Tuesday, August 2, 2011

Waylaid

This last week I've been pleasantly distracted by my 5-year-old niece in Kent, so little time for blogging (and jolly hard to take photos with an excitable small someone tapping your arm all the time).

I managed a few botanical trips though. I ventured to Aycliffe, Dover in search of the delectable assemblage of plants on Shakespeare Cliff. I'd not been to this site before so was grateful for local expert knowledge (here
). I parked in South Military Road (at GR TR 30790 40059) and walked under the underpass to access the beach.

Looking across the A20 to Aycliffe, Dover.


One of the things I love about botany is that wherever I am - a building site, Tesco's carpark, sitting in a queue on the M25 (Did you know that narrow-leaved ragwort grows on the central reservation just before the Dartford Crossing?) - there is always potentially something interesting to see. Usually a plant demanding to be noticed, recorded and photographed (as Phil Gates might put it).

It took me a while to get to the beach and cliffs as I was waylaid by plants down the footpath along the A20. I picked up some litter and side-stepped the dog poop.

The lovely pale blue of, I believe, meadow cranesbill (Geranium pratense).

The cerise blooms of broad-leaved everlasting pea (Lathyrus latifolius), England's own bougainvillea, gushed exotically and extravagantly across the path.
The seeds of Alexanders (Smyrnium olusatrum) were everywhere. The path was crunchy with them (I thought they were rabbit droppings at first). The flower heads must have put on quite a show earlier in the year. It used to be used as a pot-herb, but I've never tried it, and I believe the seeds are used as a pepper substitute. I collected some so may crunch those up later.
A dark bush cricket hopped off before I could get a better shot.
Wild cabbage (Brassica oleraceaseed pods brushed my legs as I walked.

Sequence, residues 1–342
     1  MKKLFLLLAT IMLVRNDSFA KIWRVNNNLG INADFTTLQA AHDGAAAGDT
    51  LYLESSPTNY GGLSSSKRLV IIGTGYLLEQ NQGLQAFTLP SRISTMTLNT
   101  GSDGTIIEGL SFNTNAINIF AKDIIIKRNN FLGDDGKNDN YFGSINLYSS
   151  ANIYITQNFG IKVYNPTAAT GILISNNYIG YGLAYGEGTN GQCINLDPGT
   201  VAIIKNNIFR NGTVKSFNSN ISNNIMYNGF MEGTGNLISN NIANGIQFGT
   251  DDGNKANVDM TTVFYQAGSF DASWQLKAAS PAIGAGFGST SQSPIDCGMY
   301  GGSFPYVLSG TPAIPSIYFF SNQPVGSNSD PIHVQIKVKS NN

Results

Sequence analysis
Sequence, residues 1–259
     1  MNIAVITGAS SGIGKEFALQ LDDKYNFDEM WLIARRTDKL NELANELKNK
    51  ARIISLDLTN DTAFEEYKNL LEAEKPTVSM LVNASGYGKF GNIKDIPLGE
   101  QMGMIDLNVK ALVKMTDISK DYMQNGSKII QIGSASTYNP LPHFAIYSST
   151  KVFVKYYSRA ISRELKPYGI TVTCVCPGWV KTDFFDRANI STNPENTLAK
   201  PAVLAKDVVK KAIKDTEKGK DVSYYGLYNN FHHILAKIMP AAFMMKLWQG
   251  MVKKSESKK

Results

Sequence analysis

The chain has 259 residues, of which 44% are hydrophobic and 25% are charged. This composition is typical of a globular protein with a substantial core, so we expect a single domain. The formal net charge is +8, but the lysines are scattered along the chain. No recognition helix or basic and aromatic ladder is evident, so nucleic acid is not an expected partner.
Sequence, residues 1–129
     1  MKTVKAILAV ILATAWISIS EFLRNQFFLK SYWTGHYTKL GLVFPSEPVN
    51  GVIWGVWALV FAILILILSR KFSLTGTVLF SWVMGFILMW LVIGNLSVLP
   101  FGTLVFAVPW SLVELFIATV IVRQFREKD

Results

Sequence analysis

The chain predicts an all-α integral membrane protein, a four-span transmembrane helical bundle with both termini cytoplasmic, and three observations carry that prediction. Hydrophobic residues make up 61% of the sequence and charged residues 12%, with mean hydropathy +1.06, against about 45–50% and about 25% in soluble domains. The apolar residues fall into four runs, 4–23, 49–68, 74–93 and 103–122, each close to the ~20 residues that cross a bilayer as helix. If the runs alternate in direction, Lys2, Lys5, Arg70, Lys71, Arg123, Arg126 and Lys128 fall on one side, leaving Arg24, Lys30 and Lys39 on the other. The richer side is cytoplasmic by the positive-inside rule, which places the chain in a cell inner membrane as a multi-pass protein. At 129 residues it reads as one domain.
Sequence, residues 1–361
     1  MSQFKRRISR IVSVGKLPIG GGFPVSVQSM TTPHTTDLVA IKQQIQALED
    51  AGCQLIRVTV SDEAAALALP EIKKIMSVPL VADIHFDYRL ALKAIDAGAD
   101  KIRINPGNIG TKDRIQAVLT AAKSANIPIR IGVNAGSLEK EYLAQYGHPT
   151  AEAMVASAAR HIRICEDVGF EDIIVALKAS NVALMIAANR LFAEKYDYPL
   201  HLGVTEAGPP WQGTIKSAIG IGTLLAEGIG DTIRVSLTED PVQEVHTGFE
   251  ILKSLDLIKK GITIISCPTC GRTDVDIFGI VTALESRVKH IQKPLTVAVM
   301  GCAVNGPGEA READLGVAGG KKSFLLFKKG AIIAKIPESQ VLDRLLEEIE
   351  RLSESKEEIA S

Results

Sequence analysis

...its rubbery grey-blue leaves adding a Waitrose-veggie-counter ambience to the verge. 
Greater knapweed (Centaurea scabiosa) was spilling its seeds and they were blowing suicidally onto the A20.
In the middle of the A20 rock sea lavender (Limonium binervosumblooms by the wheels of continental lorries hurrying away from the port. I love plants, they are just amazing. I noticed a purple flash as I was driving to Samphire Hoe with my niece the other day but couldn't see where to stop and get a look at what it was. Now I know. 
Signs of autumn were everywhere with blackberries, dewberries, and wayfaring trees (Viburnum lantana) heavy with red and black berries. Lots of food for the birds.
And one unknown spurge, which I didn't stop to try and identify. 
Yikes, not got to cliffs yet. Best leave that for next blog.

2 comments:

  1. I was on Langdon cliff yesterday and knocked out by the wild marjoram, scabious and masses of others I cannot name. Then went to Capel to photograph and draw the Alexander seedheads, blackk among the golden grasses with the blue sea behind. Glorious. Your photos are great!

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  2. Hi Wendy. That sounds a wonderful day out :-) Thanks for compliment. Flowers are stunning on the cliffs. Have you been to Lydden Down? Amazing there too. Mel

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